The Conservative whip has been suspended from Chris Pincher after an investigation was launched into allegations he drunkenly groped two men at a private members’ club.
Boris Johnson bowed to pressure after a complaint about the MP was made to Parliament’s watchdog that examines allegations of bullying, harassment or sexual misconduct.
Mr Pincher dramatically quit as Tory deputy chief whip after a drunken incident in which he allegedly groped two guests at the exclusive London club.
The Prime Minister had been resisting calls to go further and remove the whip, meaning the MP for Tamworth in Staffordshire would sit as an independent in the Commons.
But on Friday, the action was taken after a formal complaint was made to the Independent Complaints and Grievance Scheme (ICGS).
A spokeswoman for Conservative chief whip Chris Heaton-Harris said: “Having heard that a formal complaint has been made to the ICGS, the PM has agreed with the chief whip that the whip should be suspended from Chris Pincher while the investigation is ongoing.
“We will not pre-judge that investigation. We urge colleagues and the media to respect that process.”
Mr Johnson spoke to several individuals on Friday, including a Tory MP who was with one of the men who was allegedly groped by Mr Pincher, a Downing Street source said.
“The account given was sufficiently disturbing to make the PM feel more troubled by all this,” the source told the PA news agency.
The Prime Minister was said to have been waiting for a formal investigation to begin before suspending the whip, as opposition parties said Mr Pincher’s position as an MP was untenable.
Downing Street appeared to acknowledge that there had been concerns when he was appointed to the key post of deputy chief whip, with responsibility for discipline over Tory MPs, in February.
However a No 10 spokesman said the Prime Minister had not been made aware of anything that would have prevented the appointment going ahead.
“In the absence of any formal complaints, it was not appropriate to stop an appointment on the basis of unsubstantiated allegations,” the spokesman said.
Downing Street appointed former housing minister Kelly Tolhurst, the MP Rochester and Strood, to be the next deputy chief whip.
The only two women Tory MPs to chair Commons select committees, Caroline Nokes and Karen Bradley, had earlier called for a policy of “zero tolerance” for any such alleged conduct, with any MP facing such allegations having the Conservative whip withdrawn while they are investigated.
In a joint letter to the Prime Minister, they said: “The party and, by extension, the Government are at risk of serious reputational damage by the current approach.
“We urge you to act swiftly to introduce a code of conduct for all Conservative members of Parliament which is clear in terms of the expectations of behaviour and which can be applied in a fair, independent manner so as to avoid any suspicion of bias.”
Downing Street confirmed there had been an exchange of messages between Mr Johnson and Mr Pincher on Thursday evening but declined to say whether it was before or after Mr Pincher submitted his resignation.
A No 10 spokesman said: “The Prime Minister thinks it was right for him to have resigned and he has accepted his resignation.
“He believes that the behaviour was unacceptable, which is why he’s accepted the resignation.”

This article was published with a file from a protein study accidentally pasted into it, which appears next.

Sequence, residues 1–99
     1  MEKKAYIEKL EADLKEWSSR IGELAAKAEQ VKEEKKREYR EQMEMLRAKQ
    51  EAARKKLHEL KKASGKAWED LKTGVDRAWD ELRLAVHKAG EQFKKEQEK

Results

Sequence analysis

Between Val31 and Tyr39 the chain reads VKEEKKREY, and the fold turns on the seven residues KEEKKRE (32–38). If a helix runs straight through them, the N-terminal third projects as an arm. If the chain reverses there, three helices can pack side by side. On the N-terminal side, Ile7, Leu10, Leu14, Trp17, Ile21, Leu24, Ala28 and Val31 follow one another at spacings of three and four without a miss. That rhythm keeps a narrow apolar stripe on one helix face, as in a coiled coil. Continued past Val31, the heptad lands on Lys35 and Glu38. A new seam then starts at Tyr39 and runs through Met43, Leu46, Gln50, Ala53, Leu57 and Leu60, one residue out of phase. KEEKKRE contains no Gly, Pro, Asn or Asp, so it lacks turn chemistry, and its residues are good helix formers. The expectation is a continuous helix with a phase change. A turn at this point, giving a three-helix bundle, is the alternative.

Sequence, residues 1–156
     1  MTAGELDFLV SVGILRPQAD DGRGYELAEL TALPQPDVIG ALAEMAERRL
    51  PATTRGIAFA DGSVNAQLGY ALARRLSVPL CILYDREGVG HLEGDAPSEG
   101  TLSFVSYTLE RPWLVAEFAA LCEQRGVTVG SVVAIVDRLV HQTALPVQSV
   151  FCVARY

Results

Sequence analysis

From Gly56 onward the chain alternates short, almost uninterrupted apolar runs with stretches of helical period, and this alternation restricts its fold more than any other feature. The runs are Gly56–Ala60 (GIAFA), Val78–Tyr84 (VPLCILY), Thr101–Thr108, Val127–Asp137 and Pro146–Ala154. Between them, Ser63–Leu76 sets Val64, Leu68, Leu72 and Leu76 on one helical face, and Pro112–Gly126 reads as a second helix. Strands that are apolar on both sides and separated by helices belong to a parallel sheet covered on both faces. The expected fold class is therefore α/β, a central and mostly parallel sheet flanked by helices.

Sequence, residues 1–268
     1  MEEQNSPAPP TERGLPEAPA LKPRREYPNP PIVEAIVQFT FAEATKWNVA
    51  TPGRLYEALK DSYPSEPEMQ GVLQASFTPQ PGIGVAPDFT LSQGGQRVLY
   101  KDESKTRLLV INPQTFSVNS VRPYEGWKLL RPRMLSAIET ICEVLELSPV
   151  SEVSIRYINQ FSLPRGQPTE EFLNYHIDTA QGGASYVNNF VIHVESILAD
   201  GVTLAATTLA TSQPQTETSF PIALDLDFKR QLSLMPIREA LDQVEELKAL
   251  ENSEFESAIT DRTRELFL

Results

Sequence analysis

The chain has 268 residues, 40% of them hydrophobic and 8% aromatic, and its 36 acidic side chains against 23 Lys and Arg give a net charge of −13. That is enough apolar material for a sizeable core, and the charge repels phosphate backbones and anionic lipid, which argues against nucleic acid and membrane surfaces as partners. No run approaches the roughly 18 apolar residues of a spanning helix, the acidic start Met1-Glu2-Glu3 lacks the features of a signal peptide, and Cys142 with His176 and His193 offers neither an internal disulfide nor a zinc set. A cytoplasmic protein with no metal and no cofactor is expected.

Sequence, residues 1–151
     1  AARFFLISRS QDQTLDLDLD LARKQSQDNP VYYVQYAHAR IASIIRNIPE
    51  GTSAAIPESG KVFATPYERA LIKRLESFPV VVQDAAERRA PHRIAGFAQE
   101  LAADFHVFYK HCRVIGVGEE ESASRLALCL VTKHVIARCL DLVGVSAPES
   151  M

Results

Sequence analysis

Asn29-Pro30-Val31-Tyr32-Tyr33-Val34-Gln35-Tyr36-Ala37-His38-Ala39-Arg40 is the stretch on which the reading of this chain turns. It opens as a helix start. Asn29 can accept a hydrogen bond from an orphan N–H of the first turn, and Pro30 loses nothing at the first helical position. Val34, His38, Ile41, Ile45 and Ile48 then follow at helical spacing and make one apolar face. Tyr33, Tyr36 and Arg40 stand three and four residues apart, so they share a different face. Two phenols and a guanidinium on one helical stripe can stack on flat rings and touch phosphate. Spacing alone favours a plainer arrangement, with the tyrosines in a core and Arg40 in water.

Mr Johnson was under pressure to explain why he gave Mr Pincher such a sensitive post amid reports that he had been advised not to do so.
The Tamworth MP was brought in alongside chief whip Chris Heaton-Harris, another trusted ally, to shore up support for the Prime Minister amid growing unrest among Tory MPs over the disclosures about lockdown parties in Downing Street.
In 2017 Mr Pincher quit the whips office after a complaint over an unwanted pass at the former Olympic rower and Conservative candidate Alex Story.
However he was reinstated two months later as a senior whip by Theresa May after having referred himself to both the police and the Conservative Party complaints procedure.
Asked whether Mr Johnson had been warned about his latest appointment, following spells at the Foreign Office and the Ministry of Housing, the No 10 spokesman said: “He was not aware of any specific allegations.”
The latest disclosures come after the Conservative Party has been hit by a series of scandals relating to sexual misconduct.
In May, Neil Parish quit as MP for Tiverton and Honiton after admitting viewing pornography in the Commons chamber, while the previous month Wakefield MP Imran Ahmad Khan was jailed for 18 months for sexually assaulting a 15-year-old boy.
In both cases the Conservatives lost the ensuing by elections.
A third unnamed Conservative MP has been told by the whips to stay away from Parliament after he was arrested on suspicion of rape and other offences.
Deputy Labour leader Angela Rayner said: “Boris Johnson has been dragged kicking and screaming into taking any action at all. He just can’t be trusted to do the right thing.
“This whole scandal is yet more evidence of his appalling judgment.”
In his resignation letter to the Prime Minister, Mr Pincher apologised for his behaviour, saying it had been “the honour of my life” to have served in the Government.
“Last night I drank far too much. I’ve embarrassed myself and other people which is the last thing I want to do and for that I apologise to you and to those concerned,” he said.
The alleged incident reportedly took place in the Carlton Club, the original home of the Conservative Party, in London’s Piccadilly.
Scotland Yard said it had not received any reports of an incident at the club.
The Commons said the ICGS “operates on the basis of confidentiality for the benefit of all parties”, adding: “Therefore, we cannot provide any information on any complaint, including whether or not a complaint has been received.”